Guyana: el presidente llama a la unidad nacional en fiestas patrias
Notas sobre el tema
Speaking in Berbice at State House, New Amsterdam on the occasion of the launch of the New Amsterdam commemorative activities for the 250th anniversary of the 1763 Berbice Slave Revolt and the 175th Emancipation anniversary on Sunday, President Ramotar said there are lessons to be learnt from the 1763 revolt and others in that, “when we are united, we can move mountains, and we move faster and further ahead”.
Also in attendance were Culture, Youth and Sport Minister Dr Frank Anthony, Region Six Chairman David Armogan, Georgetown Mayor Hamilton Green and New Amsterdam Mayor Claude Henry.
President Ramotar noted that the Berbice slave uprising could have been like the Haitian Revolution, had it not been for the fact that there was disunity among the leadership of the movement, in the course of the uprising.
The president pointed out that this disunity has been one of Guyana’s big shortcomings.
“Guyana could have been independent a long time before 1966, and we could have gone farther ahead, had it not been for the division in 1955,” he noted. He stated further that even in the short 47 years of independence, Guyana has come along, its development still continues to be thwarted by the question of unity.
“We have put our country on a stage where we can take off to further heights and achieve greatness… but we have to begin to see unity,” he advised. Towards this end, the president said in celebrating the 250th anniversary of the 1763 Berbice Slave Revolt and the 175th Emancipation anniversary that Guyanese not only commemorate these events, but take lessons from them, and together try to do what is best for the people of Guyana.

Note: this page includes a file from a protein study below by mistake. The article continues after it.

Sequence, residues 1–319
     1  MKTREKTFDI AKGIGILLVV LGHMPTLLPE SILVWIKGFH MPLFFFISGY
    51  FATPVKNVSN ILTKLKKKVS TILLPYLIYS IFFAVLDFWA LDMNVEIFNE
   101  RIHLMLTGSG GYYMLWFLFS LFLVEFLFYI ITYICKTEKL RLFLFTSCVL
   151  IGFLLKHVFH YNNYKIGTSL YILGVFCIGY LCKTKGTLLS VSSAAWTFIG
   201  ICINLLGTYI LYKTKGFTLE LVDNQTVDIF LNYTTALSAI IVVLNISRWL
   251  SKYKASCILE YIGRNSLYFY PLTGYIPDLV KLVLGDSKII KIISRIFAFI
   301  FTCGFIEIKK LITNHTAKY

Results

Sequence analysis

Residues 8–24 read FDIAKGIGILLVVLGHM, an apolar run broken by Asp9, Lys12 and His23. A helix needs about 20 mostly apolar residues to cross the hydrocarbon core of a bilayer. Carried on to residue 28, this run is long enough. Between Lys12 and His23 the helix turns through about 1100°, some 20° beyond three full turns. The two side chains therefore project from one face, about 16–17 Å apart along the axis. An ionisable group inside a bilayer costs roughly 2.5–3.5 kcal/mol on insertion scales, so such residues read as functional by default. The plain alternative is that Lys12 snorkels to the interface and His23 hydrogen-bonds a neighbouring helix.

He posited that this would be the best way to commemorate the sacrifices of those who had fallen in the revolt in 1763, and in 1823 and in Enmore and Rose Hall. “Those are the things, the lessons we can take from them and do duty to them by binding together,” he stated.
The commemorative activities which will span two weeks (July 28 – August 11) are organised by Council of Friends of New Amsterdam (COFONA), an organisation geared towards developing New Amsterdam with support from other agencies within and outside of the community and region.
The activities include international presentations, panel discussions, workshops, daily cultural and photographic displays, candle light vigil and a libation ceremony on the eve of Emancipation, followed by a heritage ball and an evening of drumming and poems for Cuffy’s children. They will run under the theme, “From Resistance through Emancipation, towards Empowerment”.
Prior to the opening ceremony, members of COFONA and other youth and culture groups in New Amsterdam participated in a street parade from Mark’s Bridge to State House.